Abstract: Biped walking by using all joint movements and DOFs in both directions (sagittal plane and coronal plane) is one of the most complicated research topics in robotics. In this paper, angular trajectories of a stable biped walking for a humanoid robot are generated by a Truncated Fourier Series (TFS) approach. The movements of legs and arms in sagittal plane are implemented by an optimized gait generator and a new model is proposed that can also produce the movement of legs in coronal plane based on TFS. Particle Swarm Optimization (PSO) is used to find the best angular trajectories and optimize TFS. Experimental results show that the using joints movements in sagittal and coronal planes to compose the walking skill allowed the biped robot to walk faster than previous methods that only used the joints in sagittal plane.
Stückler, J. & Behnke, S.

Improving People Awareness of Service Robots by Semantic Scene Knowledge

2011 RoboCup 2010: Robot Soccer World Cup XIV, pp. 157-168 inproceedings


Abstract: Many mobile service robots operate in close interaction with humans. Being constantly aware of the people in the surrounding of the robot thus poses an important challenge to perception and behavior design.
In this paper, we present an approach to people awareness for mobile service robots that utilizes knowledge about the semantics of the environment. The known semantics, e.g., about walkable floor, chairs, and shelves, provides the robot with prior information. We utilize information about the a-priori likelihood that people are present at semantically distinct places. Together with reasonable face heights inferred from scene semantics, this information supports robust detection and awareness of people in the robot's environment. For efficient exploration of the environment for people, we propose a strategy which chooses search locations that maximize the expected detection rate of new persons.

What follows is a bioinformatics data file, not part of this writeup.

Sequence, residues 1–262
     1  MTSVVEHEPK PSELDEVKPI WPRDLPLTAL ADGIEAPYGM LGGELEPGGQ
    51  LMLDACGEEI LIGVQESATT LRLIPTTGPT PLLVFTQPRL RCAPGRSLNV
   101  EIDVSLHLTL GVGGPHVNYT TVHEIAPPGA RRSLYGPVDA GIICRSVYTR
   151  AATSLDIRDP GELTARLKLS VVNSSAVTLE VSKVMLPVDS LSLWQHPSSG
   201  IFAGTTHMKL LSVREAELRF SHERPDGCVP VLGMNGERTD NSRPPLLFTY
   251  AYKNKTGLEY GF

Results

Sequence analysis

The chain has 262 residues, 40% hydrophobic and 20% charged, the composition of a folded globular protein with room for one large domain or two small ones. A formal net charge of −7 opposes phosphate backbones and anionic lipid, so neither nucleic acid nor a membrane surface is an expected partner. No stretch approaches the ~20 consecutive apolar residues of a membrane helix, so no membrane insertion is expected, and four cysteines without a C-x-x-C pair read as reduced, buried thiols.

We evaluate our approach with our domestic service robot that competes in the RoboCup@Home league.
Visser, U.

TopLeague and Bundesliga Manager: New Generation Online Soccer Games

2011 RoboCup 2010: Robot Soccer World Cup XIV, pp. 230-241 inproceedings


Abstract: This paper describes a new generation online soccer manager. More than 210,000 users operate TopLeague and the Official Bundesliga Manager, complex real-time soccer simulators that are based on actual data of real professional soccer players. The underlying technology is a hierarchical three-tier multiagent system that consists of autonomous BDI agents and allows dynamic group structures (e.g. an emergent situation for a wing attack). The German Bundesliga, one of the most prestigious soccer leagues in the world, adopted this AI system for their official web site. The online games run seamlessly in a web browser with a state-of-the-art 3D visualization engine. Fundamental research within the domain of the RoboCup simulation league is the basis for this technology. We will describe the architecture of the multiagent system (MAS) in this paper, discuss motion capture techniques for graphical animation, and reveal details about user acceptance of the games.
Özkucur, N.E. & Akın, H.L.

Localization with Non-unique Landmark Observations

2011 RoboCup 2010: Robot Soccer World Cup XIV, pp. 72-81 inproceedings


Abstract: In the probabilistic robot localization problem, when the associations of observations with the landmarks in the map are given, the solution is straightforward. However, when the observations are non-unique (e.g. the association with the map is not given) the problem becomes more challenging. In the Standard Platform League (SPL) and other similar categories of RoboCup, as the field setups evolve over years, the observations become less informative. In the localization level, we have to seek solutions with non-unique landmark observations. In this paper, we established the probabilistic model of the problem and showed the difficulty of optimal solution. After that, we introduce our importance sampling based approximate solution and implicit hypothesis pruning. We give results from simulation tests in the SPL setup using corners and goal bar observations and discuss characteristics of our approach.